Germany-based TUI AG has posted a loss of 524 million euros on revenues of 4.2 billion euros for its second quarter ended June 30, 2009, compared to a loss of 126.9 million euros on revenues of 6.3 billion euros for the same period last year. The drop in revenue came mainly from the discontinued container shipping operations. (TUI sold about 57 percent of Hapag-Lloyd container shipping company in March, but remains the largest shareholder.)
According to TUI, the loss was mainly attributable to a loss from Hapag-Lloyd, and interest rates on loans granted to the shipping company.

Of TUI’s core businesses, the Travel division’s revenues dropped to 4 billion euros from 4.6 billion euros last year; Hotels & Resorts saw its revenues increase to 106.3 million euros from 99.8 million euros last year; Cruises dropped to 44.6 million euros from 46.5 million euros last year; and Central Operations dropped to 16.9 million euros from 18.6 million euros last year.

TUI said the second quarter results for its cruise division included 2 million euros for the start-up of TUI Cruises; lower load factors – 71 percent – year-over-year, and a slight decline in average rates per day and per passenger.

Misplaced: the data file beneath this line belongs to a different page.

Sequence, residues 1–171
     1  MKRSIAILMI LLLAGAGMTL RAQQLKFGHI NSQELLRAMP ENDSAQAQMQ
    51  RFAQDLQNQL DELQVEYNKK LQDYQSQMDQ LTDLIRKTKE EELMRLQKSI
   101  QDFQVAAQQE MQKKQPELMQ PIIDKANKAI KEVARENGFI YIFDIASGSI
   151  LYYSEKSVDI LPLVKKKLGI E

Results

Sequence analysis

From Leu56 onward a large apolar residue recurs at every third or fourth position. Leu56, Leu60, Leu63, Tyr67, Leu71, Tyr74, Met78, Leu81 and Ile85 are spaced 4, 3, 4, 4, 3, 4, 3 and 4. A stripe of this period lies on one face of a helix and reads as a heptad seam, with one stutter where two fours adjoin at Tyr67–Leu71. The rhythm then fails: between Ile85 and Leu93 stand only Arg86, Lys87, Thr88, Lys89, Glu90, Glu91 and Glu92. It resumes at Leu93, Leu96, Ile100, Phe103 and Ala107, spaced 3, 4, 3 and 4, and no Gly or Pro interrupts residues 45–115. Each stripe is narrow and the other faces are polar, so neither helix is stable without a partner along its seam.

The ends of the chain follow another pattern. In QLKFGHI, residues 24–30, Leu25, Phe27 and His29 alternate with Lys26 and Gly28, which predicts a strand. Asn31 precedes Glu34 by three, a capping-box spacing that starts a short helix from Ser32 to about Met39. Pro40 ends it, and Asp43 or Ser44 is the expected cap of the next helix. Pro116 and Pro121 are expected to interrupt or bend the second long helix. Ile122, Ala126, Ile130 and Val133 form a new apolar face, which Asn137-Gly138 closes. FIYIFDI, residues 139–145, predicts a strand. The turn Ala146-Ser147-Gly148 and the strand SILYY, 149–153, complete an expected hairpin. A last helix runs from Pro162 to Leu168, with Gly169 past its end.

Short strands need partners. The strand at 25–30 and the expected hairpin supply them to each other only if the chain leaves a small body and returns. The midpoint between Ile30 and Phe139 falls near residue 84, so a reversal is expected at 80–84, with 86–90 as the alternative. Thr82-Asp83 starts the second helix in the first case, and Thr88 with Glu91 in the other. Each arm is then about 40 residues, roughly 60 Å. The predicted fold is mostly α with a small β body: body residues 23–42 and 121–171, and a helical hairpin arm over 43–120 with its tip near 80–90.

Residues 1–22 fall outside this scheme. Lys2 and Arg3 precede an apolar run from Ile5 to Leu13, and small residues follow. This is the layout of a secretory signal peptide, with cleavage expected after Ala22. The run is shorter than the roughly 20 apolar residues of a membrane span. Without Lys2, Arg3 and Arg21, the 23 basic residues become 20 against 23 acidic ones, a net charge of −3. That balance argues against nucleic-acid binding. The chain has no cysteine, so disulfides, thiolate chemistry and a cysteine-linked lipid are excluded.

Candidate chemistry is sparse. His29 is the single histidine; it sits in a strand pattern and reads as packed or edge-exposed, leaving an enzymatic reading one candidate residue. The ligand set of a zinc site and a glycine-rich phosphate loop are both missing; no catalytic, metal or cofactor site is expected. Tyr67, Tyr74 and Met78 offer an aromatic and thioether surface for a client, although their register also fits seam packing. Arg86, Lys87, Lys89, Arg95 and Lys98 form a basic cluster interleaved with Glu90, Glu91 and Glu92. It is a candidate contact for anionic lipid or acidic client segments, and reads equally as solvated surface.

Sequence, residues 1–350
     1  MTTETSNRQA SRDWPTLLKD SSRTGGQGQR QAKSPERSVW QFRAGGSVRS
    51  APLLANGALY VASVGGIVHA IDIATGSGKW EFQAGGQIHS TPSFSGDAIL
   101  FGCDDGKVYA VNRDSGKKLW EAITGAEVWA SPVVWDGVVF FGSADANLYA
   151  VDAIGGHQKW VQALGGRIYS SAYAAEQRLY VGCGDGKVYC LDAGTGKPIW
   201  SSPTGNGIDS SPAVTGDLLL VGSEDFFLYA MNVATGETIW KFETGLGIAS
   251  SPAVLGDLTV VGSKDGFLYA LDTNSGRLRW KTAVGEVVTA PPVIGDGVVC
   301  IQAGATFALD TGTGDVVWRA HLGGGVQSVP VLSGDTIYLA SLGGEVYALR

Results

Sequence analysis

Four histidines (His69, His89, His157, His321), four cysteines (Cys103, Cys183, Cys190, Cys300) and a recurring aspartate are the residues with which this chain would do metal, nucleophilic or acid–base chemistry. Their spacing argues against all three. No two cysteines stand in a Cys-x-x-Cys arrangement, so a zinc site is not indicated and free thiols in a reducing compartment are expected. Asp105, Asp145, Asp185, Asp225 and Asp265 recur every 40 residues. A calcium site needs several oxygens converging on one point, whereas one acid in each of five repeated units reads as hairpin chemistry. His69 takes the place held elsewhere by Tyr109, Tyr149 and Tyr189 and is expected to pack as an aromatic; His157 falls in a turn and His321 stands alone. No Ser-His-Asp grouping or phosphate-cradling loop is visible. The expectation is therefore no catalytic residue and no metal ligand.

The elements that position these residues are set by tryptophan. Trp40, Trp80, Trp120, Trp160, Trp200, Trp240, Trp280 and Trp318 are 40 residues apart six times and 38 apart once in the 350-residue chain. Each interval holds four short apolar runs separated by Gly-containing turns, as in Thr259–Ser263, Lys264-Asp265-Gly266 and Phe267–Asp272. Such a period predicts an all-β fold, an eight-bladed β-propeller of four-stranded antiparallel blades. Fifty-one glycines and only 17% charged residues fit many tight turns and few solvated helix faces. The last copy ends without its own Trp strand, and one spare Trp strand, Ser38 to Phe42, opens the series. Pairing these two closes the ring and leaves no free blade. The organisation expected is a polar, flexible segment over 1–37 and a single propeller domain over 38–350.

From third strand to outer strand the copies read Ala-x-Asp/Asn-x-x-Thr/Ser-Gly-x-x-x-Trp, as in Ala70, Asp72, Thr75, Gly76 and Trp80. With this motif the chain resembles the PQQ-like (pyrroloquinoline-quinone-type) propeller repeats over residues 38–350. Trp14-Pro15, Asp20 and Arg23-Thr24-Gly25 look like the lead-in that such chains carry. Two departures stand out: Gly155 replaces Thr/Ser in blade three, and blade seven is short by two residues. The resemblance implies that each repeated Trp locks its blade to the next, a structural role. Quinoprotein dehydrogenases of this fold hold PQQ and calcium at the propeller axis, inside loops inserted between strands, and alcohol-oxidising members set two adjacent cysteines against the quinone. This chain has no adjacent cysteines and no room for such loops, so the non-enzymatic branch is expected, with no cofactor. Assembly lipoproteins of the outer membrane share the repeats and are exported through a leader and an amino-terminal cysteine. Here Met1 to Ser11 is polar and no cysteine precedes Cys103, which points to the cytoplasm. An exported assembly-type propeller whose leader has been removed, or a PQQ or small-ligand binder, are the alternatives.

Management said the decline in revenues was in line with expectations, adding that it maintained strong pricing despite declining customer volumes.

TUI said that in order to strengthen its financial structure as a matter of precaution, the company has launched an asset streamlining program covering the period up to 2012. Planned measures to be implemented will include the refinancing of assets previously owned by TUI, such as real estate, hotels and cruise ships.

In Germany, TUI owns Hapag-Lloyd Kreuzfahrten, with four small up-market ships, and 50 percent of TUI Cruises, with one large ship, a joint venture with Royal Caribbean Cruises, which launched service this past May.

TUI AG is one of Europe’s largest travel groups, including TUI Travel UK, which owns Thomson Holidays and Cruises. The UK results are included under the Tourism division.